Today In Salisbury’s History: Thursday, June 23, 1960

Thursday, June 23, 1960

  • A 45-year-old Salisbury cab driver was tried on charges that he beat up his girlfriend in a telephone booth. Jay M. Ferguson of 310 Gay St. told Peoples Court Judge Homer L. Disharoon that he became jealous when he saw the girlfriend sitting with friends in a local tavern. Ferguson, who admitted beating the woman and shutting her in the booth, was given a $25 fine and a 30-day suspended jail sentence.
  • Salisbury clothing store owner I.L. Benjamin announced his support for city Planning Director James C. Gillman’s “progressive” Downtown Business District revitalization program, which includes construction of a parkway bypassing Main Street. Benjamin said that although he felt the Planning Commission’s plan was being proposed 13 years too late, a special tax levy on Downtown businesses and merchants was an acceptable way to pay for the proposals.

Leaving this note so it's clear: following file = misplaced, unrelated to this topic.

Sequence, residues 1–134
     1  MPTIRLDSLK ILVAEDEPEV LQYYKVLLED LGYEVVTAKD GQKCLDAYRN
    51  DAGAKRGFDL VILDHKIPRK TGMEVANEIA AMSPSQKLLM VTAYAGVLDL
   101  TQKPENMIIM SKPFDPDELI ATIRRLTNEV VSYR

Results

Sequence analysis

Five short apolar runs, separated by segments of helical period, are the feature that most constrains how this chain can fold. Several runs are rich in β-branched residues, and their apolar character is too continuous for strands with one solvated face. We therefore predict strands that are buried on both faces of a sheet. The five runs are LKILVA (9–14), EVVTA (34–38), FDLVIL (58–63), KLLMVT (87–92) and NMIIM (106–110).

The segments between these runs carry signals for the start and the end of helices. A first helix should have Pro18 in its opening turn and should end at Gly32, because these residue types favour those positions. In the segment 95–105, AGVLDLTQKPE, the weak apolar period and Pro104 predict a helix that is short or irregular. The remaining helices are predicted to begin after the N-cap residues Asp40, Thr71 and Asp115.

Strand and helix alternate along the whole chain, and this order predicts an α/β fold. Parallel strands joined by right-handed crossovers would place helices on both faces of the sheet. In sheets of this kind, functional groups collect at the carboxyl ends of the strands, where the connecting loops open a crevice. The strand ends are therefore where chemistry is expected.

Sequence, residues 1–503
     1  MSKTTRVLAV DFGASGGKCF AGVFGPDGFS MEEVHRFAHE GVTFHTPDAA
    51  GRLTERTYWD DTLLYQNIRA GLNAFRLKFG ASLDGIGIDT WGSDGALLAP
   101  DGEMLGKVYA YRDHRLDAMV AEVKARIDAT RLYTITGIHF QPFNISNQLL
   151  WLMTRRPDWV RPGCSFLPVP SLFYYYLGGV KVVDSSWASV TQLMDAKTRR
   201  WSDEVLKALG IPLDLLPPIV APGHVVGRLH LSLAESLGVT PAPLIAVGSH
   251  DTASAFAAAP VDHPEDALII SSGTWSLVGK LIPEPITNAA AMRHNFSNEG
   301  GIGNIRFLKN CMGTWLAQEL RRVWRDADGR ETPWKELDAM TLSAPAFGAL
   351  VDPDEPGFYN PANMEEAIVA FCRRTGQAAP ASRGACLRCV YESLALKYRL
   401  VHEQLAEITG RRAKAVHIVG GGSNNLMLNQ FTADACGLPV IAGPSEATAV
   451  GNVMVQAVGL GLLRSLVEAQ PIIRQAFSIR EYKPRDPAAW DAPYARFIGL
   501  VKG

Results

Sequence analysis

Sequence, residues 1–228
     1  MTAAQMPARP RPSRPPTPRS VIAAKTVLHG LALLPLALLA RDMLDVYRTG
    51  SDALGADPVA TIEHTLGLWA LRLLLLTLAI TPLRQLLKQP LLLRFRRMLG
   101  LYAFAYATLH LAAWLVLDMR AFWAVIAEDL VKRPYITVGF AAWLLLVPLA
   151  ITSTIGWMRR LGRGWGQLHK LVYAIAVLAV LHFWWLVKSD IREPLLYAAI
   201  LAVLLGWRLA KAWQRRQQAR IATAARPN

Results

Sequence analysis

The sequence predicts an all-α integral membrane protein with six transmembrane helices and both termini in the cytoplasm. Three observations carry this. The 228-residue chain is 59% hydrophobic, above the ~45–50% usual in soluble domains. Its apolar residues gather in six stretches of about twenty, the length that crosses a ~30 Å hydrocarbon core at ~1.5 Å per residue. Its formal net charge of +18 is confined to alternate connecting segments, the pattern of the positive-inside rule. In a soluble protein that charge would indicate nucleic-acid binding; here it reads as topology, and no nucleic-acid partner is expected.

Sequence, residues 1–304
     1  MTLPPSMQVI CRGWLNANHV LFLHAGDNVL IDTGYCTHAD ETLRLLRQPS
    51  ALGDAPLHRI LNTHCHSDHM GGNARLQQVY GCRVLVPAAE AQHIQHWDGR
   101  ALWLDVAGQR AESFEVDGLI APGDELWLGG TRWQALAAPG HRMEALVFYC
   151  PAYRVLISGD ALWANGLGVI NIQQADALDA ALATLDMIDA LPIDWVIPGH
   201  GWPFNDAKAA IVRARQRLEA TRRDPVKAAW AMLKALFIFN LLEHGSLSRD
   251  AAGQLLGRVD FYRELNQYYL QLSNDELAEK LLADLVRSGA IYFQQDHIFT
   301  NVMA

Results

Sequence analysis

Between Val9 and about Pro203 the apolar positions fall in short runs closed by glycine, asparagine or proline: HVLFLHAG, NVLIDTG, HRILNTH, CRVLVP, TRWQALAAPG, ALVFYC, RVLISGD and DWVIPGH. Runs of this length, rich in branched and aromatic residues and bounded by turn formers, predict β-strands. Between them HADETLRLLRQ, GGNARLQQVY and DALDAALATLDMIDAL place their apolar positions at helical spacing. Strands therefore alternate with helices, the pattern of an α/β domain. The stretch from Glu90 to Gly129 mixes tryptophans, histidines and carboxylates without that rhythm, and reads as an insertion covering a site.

• Dr. Marion Parker, a native Salisburian who serves as Crops Research Division director for the U.S. Department of Agriculture, has been selected for the upcoming editions of “Who’s Who In America.” A 1924 graduate of Wicomico High School, Parker lives in Beltsville, Md., and is married to the former Katherine Hagan of Salisbury.
  • Local bus lines in Salisbury and Ocean City have set a limit on the number of watermelons passengers may carry on the vehicles. Three is the maximum number of watermelons per person.
  • Members of the Four Seasons Garden Club and their guests were present for a grand tea and tour of the gardens at the Tony Tank home of Mr. and Mrs. Louis Holland. Many daylilies were in bloom, in shades of red, pink, orange and yellow. Mrs. John H. West is the club president.
  • Outten Bros. Furniture on North Salisbury Boulevard was offering a free chaise lounge to customers who purchased a new two-door, $299.95, General Electric  refrigerator-freezer.

Greg Bassett is editor and general manager of Salisbury Independent. Reach him at

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